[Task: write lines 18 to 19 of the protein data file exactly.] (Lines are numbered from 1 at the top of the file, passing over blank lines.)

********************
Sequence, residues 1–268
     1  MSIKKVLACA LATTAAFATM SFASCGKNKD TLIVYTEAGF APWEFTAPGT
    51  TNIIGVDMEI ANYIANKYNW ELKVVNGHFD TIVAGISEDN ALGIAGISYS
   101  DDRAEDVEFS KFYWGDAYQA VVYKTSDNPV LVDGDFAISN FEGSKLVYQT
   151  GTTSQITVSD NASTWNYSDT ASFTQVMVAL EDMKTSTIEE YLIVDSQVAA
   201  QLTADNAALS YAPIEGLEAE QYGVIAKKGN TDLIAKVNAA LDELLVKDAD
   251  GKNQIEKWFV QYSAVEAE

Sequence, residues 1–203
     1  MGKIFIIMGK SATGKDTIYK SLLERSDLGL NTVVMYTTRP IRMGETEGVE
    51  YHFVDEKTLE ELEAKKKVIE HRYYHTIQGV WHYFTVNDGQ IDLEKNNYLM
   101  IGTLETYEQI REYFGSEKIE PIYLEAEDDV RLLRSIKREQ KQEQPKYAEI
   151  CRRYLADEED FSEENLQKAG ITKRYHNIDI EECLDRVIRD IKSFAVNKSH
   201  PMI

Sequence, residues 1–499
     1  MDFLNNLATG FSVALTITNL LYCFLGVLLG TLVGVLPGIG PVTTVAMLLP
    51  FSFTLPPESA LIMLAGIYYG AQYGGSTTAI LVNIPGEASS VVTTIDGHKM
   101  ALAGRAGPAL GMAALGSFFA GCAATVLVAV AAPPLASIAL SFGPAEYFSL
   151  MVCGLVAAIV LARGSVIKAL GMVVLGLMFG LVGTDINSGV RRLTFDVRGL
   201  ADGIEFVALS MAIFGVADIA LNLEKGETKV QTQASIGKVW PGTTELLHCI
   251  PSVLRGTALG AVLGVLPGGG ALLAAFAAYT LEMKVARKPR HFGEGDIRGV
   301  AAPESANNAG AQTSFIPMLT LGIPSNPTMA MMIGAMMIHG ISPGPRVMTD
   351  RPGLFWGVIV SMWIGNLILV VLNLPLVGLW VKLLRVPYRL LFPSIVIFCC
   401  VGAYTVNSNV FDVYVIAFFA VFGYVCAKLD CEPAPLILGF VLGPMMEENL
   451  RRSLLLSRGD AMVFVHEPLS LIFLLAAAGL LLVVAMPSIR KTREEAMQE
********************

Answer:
   151  MVCGLVAAIV LARGSVIKAL GMVVLGLMFG LVGTDINSGV RRLTFDVRGL
   201  ADGIEFVALS MAIFGVADIA LNLEKGETKV QTQASIGKVW PGTTELLHCI